Of course recumbents do hills.

Standard frame (or “diamond frame”) riders often ask me how recumbents are on hills.  (Answer: “You pedal up them.”)  Yes, there is the disadvantage that you can’t stand on the pedals, but I don’t need to since I have mountain bike gearing.  And on those steepest hills, where I’d stand up and power through on a standard frame bike, on a bent I just sit and power through.  Same thing.  When I started riding a bent, I admit I’d sometimes have to walk up a hill.  I didn’t yet have a fine sense of balance or strong “recumbent muscles.”  But I haven’t had to walk up a hill in years.  I just ride up.

I was thinking about this the other day after riding through Harriman State Park, from Garrison to Camp Nawakwa on Lake Sebago and back again to Garrison.  We had taken the train up to Garrison and started riding from there.  It’s a 46-mile round trip that begins with about 15 miles of steady climbing, without much more than a few yards of level road, then gives you a steep down, a long uphill false flat, more hills than I can bother remembering, and then you hit Lake Sebago.  The camp’s road is then a series of very steep un-graded hills, more up than down.  On the way back, reverse it.  Lots of down, some up, a long and steep uphill climb, and one very, very long downhill coast on a windy road with frequent blind turns where your brakes are very much your best friend.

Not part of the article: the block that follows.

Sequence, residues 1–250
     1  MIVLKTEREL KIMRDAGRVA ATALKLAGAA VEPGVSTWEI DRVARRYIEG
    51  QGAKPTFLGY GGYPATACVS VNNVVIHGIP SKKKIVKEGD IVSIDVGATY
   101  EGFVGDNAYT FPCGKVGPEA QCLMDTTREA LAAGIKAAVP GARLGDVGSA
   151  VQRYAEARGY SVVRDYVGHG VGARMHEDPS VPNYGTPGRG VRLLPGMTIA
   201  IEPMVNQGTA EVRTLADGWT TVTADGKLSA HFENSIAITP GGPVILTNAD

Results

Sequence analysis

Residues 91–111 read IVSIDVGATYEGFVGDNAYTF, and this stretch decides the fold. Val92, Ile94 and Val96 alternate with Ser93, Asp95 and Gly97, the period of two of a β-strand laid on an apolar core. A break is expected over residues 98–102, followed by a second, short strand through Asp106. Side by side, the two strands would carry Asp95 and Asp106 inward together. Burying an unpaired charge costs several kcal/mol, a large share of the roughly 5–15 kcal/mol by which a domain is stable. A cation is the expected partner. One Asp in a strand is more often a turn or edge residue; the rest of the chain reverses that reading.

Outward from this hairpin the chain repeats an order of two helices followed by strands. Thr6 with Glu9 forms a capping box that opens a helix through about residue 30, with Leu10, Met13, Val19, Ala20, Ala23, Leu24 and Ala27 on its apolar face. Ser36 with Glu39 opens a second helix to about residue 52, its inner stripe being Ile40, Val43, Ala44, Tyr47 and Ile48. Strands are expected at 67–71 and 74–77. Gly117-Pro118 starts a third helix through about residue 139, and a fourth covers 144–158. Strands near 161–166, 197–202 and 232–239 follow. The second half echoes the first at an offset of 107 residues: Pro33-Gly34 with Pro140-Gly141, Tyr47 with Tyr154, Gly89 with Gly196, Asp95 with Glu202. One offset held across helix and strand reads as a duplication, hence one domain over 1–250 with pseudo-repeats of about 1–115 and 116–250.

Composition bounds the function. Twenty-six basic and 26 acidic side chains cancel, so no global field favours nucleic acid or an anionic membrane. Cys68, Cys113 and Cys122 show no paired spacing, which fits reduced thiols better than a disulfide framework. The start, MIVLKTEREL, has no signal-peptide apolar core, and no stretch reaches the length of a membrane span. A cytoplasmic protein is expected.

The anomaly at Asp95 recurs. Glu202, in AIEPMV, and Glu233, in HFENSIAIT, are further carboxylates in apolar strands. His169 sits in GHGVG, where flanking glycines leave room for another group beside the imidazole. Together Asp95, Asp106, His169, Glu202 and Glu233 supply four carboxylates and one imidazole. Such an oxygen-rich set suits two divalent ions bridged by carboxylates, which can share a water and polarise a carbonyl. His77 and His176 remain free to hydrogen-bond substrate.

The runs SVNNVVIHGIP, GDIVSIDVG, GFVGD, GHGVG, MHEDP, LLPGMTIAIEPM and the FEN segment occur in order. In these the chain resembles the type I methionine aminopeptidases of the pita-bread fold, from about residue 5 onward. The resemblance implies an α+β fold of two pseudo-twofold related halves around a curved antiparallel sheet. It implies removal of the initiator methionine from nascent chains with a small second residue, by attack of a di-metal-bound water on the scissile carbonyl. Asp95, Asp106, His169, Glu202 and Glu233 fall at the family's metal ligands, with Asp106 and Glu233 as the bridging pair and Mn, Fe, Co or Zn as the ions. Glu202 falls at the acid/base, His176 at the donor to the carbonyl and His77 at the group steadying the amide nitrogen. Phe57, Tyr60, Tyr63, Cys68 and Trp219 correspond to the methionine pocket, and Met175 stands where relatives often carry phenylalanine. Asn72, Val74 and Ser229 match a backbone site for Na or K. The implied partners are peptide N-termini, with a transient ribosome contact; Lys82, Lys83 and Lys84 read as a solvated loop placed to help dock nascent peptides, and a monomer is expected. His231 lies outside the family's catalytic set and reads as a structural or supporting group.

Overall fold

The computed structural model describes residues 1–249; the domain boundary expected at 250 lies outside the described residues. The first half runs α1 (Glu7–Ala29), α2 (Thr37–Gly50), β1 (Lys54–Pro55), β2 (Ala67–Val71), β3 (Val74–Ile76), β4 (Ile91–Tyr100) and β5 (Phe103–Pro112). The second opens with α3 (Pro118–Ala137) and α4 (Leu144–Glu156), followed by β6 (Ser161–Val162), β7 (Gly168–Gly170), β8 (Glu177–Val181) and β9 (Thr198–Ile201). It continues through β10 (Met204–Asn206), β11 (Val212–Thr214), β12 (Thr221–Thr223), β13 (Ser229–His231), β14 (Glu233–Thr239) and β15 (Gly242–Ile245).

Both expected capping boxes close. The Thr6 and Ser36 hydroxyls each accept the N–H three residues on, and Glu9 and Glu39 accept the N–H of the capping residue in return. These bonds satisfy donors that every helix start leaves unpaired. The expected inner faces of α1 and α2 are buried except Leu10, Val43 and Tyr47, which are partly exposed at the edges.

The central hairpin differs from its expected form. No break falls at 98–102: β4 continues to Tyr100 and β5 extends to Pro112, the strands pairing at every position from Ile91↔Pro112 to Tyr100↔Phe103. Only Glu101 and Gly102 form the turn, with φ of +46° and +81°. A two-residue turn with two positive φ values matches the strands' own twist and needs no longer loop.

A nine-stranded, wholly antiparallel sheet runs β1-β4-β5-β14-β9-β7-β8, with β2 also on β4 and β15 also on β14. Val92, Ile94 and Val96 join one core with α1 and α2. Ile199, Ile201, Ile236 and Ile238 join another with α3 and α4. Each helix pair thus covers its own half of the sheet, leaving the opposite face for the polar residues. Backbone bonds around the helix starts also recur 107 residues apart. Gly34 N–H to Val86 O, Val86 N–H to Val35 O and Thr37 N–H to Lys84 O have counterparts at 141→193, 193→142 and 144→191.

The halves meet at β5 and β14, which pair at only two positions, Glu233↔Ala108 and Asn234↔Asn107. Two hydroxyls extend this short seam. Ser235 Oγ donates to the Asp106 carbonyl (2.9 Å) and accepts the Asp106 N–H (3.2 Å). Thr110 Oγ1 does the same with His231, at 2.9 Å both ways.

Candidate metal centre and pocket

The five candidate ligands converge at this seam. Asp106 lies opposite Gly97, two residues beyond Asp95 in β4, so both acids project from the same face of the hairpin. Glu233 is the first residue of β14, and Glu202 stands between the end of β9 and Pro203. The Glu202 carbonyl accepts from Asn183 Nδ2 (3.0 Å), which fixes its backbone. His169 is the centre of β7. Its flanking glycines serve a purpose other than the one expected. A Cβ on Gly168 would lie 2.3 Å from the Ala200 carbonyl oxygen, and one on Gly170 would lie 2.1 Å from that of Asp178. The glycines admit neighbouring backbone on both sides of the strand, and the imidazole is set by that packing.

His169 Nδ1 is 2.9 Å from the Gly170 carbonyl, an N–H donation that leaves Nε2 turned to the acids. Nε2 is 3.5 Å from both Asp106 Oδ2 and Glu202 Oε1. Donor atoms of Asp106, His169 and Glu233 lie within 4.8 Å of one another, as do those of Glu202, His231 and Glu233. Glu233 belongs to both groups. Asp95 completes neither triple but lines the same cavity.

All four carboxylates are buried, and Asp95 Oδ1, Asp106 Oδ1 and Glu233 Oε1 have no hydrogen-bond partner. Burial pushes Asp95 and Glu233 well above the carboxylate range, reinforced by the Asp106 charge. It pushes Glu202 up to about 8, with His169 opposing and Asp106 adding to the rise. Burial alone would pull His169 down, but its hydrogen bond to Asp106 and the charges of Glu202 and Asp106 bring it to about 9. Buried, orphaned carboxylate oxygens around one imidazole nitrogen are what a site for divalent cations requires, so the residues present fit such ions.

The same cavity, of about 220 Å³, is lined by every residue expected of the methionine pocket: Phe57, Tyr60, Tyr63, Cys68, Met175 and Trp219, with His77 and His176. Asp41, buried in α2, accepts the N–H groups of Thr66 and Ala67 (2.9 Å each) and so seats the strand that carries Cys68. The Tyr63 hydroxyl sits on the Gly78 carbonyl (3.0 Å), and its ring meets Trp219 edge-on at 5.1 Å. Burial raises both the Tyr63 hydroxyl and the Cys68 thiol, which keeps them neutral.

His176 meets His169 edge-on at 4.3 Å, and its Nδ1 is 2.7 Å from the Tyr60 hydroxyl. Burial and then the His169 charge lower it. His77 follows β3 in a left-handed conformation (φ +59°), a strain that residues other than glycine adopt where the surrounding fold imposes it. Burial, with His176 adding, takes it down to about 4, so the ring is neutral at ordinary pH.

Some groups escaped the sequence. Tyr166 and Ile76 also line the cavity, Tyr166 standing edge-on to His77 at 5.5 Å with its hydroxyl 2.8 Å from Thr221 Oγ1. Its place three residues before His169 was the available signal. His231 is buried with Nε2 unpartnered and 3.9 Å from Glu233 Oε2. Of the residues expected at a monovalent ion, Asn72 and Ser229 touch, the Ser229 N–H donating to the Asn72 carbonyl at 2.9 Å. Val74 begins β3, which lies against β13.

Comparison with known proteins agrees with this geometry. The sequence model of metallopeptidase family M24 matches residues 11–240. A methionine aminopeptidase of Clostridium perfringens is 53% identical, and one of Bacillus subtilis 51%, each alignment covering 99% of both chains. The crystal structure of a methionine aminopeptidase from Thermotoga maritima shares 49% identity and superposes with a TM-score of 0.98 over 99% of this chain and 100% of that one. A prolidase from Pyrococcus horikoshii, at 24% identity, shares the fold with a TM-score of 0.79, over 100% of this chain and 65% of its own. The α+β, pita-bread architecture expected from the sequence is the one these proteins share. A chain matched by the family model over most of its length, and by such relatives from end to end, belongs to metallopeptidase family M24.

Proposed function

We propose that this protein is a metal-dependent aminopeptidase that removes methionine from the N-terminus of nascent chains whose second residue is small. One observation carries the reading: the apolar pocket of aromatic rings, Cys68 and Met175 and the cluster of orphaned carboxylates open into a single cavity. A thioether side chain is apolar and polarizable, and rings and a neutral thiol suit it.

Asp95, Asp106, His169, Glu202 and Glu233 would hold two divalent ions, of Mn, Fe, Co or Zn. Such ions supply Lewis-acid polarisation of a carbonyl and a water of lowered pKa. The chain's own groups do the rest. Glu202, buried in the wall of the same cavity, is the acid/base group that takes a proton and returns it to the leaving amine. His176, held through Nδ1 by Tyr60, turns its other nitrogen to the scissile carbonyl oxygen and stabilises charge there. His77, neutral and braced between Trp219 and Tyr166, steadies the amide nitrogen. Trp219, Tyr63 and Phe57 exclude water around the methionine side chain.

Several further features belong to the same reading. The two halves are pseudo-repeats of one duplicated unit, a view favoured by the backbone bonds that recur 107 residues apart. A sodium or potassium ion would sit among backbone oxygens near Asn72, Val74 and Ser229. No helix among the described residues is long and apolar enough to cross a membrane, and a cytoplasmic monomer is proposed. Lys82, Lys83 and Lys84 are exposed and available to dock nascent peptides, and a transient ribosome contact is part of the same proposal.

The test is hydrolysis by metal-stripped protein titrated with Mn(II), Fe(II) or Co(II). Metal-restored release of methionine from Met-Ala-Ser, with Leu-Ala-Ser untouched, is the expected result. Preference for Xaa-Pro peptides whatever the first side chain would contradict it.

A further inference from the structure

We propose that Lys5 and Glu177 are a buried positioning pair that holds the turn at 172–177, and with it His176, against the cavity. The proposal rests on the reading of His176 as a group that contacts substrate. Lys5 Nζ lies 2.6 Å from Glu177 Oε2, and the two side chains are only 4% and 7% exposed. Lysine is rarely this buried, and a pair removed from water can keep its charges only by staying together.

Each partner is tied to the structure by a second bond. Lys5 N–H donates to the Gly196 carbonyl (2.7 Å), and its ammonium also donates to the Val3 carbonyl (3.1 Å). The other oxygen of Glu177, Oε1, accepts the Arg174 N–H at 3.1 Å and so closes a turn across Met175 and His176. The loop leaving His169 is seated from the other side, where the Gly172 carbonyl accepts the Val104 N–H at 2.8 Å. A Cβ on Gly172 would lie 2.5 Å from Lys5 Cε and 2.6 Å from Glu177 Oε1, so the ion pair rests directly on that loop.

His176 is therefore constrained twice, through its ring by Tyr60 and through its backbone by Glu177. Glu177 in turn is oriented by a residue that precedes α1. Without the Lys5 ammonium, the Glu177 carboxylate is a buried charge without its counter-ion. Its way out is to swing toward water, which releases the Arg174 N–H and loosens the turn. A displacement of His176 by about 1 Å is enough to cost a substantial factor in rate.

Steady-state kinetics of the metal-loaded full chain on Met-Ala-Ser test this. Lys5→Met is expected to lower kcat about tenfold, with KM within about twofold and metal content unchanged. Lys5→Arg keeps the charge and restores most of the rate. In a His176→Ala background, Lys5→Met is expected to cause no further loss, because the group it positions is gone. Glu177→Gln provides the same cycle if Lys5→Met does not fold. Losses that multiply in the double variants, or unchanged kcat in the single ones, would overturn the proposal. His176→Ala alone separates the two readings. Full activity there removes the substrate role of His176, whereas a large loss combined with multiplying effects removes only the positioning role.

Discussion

The next day, no soreness.  Wow.  That’s a recumbent for you.

What were we riding?  There was an HP Velotechnik Grasshopper fx and a Street Machine Gte, with racks, fenders, and lighting systems.  They’re simply the easiest for throwing on a couple panniers for a day-ride and it’s always welcome to have the folding Grasshopper when taking the train.

Have fun and stay healthy,
Robert
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Robert Matson
New York City Recumbent Supply
The Innovation Works, Inc.
copyright 2012 Robert Matson